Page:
The construction industry is short on human workers and ripe for a robotic takeover



Construction is one of the least-digitized industries in the world, and its productivity is suffering.

Dan Kitwood / Getty

Construction is a $10 trillion global industry. It’s also mired by waste, severe worker shortages and weak productivity growth — all of which mean the business of building is ripe for a robotic takeover.

Productivity — the total economic output per worker — in the construction industry has remained flat, partly because of the slow adoption of new technologies across the industry.

Since 1945, productivity in manufacturing, retail and agriculture has grown 1,500 percent, while it has barely gone up in construction, according to a McKinsey report from earlier this year.

McKinsey compared U.S. industries in 27 criteria, including how much a sector spends on technology and how extensively they use computers in their operations, to create a digitization index of 1 to 100, with 100 being the most digitized.

Below we chart select industries by their digitization score and annual productivity gains.:

McKinsey Global Institute construction GDP, digitization and productivity


The construction industry’s technology gap may not last for very long, not only because the robots are poised to get to work but also because humans aren’t.

As of February 2017, nearly 200,000 construction jobs were left unfilled across the U.S., according to the Bureau of Labor Statistics.

In addition, on average, 98 percent of construction megaprojects go over budget, according to McKinsey. And in a multi-trillion dollar global industry like construction, even the slightest uptick in efficiency could amount to hundreds of millions savings, says Tristan Randall, an executive who works on drone projects at Autodesk.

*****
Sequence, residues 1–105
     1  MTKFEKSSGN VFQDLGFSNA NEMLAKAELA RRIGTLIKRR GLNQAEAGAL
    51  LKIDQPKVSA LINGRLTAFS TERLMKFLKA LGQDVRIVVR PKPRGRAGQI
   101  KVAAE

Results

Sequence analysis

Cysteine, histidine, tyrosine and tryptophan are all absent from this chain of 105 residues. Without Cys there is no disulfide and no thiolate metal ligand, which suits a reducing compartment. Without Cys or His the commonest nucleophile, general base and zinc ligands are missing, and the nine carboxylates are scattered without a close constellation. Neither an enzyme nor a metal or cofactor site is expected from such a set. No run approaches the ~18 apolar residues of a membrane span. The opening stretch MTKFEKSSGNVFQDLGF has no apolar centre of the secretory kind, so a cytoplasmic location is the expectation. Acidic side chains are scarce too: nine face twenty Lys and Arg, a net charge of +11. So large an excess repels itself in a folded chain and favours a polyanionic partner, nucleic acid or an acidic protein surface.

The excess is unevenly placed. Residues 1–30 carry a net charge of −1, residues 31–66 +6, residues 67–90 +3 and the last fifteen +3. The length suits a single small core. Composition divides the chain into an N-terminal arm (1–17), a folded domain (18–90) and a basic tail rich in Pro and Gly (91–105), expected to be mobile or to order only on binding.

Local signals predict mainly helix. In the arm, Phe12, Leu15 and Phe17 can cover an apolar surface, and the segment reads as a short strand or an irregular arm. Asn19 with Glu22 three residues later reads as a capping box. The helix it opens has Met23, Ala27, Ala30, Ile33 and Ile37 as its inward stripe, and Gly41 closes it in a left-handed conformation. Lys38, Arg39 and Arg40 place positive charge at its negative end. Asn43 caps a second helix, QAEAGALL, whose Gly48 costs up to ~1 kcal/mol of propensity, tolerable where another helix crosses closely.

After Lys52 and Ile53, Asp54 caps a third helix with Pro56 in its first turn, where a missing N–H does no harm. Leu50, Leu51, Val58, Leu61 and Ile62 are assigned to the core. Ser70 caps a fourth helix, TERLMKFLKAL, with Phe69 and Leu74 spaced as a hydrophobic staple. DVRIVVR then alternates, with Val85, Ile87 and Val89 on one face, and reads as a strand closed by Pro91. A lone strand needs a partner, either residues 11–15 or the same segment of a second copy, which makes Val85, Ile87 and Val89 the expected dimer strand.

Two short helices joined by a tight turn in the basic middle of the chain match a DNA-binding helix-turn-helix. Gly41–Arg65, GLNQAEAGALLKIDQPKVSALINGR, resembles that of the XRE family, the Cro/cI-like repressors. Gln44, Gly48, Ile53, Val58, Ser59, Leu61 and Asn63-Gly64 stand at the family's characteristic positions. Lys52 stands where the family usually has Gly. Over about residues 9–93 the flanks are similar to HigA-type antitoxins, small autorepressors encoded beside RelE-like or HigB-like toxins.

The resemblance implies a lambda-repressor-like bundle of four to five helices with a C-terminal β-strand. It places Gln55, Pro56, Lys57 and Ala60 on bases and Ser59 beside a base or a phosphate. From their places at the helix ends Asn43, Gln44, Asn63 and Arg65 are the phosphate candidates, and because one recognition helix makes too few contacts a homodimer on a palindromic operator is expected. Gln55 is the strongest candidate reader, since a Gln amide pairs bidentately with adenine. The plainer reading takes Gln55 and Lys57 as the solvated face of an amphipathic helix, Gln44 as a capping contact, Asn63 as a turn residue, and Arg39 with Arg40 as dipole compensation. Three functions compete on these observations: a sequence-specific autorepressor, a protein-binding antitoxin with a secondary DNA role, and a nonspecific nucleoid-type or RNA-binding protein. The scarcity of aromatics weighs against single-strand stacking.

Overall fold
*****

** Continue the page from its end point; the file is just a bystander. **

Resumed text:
Drones and robots ready to work

Work sites often span large areas, and buildings can shoot stories high into the sky. That means inspecting an entire site by foot can take days, even with a large crew.

With drones, the same information can be gathered and compiled by a single pilot in only a few hours. Companies have already started using drones to survey stockpiles and conduct site inspections.

“I was able to accurately measure the volumes of stockpiles at one of our quarries in just 10 minutes,” said John Davenport, a surveyor at Whitaker Contracting Corporation, who uses a drone system made by Kespry, a California-based drone services company. “Previously, it took me about two days of strenuous GPS work to cross-section those piles.”

Using drones for business services — like flying a robot to check inventory on a construction site or to monitor the health of crops on a farm — has an addressable market estimated at $127 billion, according to a PricewaterhouseCoopers 2016 report.

More than $45 billion of that is for construction projects. Delivery by drone, by contrast, has an estimated addressable market valued significantly less at $13 billion, in part because national regulations that would permit autonomous drone delivery are still being written.

And it’s not just drones. American builders are starting to move into prefabrication, where homes and buildings are constructed on factory floors by robots. Factory-built homes are far more popular in Sweden and Japan, where 40 percent and 16 percent of residential buildings, respectively, are built with prefabrication, reports the Wall Street Journal.

Masonry is also being roboticized. Construction Robotics, a New York-based startup, has invented a bricklaying robot called the SAM100, which is already being used on job sites across the U.S. The robot is able to lay around 2,000 bricks per day, a massive increase from the 400 bricks a day an average mason can lay, according to Philip Kenney of Wilhelm Construction, a construction company that got its own SAM100 last year. That’s a 400 percent increase in productivity.

Investors take note

At Recode’s Code 2017 conference in May, famed venture capitalist Marc Andreessen said that his firm, Andreessen Horowitz, is actively investing in robots and that they are particularly interested in boosting productivity for the construction industry.

“I think the opportunity and the challenge for the tech industry and Silicon Valley is for us to figure out how to have a much bigger impact in the slow-growth sectors [construction, health care and education] of the economy,” Andreessen said at Code.

But boosting productivity in construction won’t be easy, Andreessen warned, largely due to strict regulations, such as land-use restrictions in urban areas.


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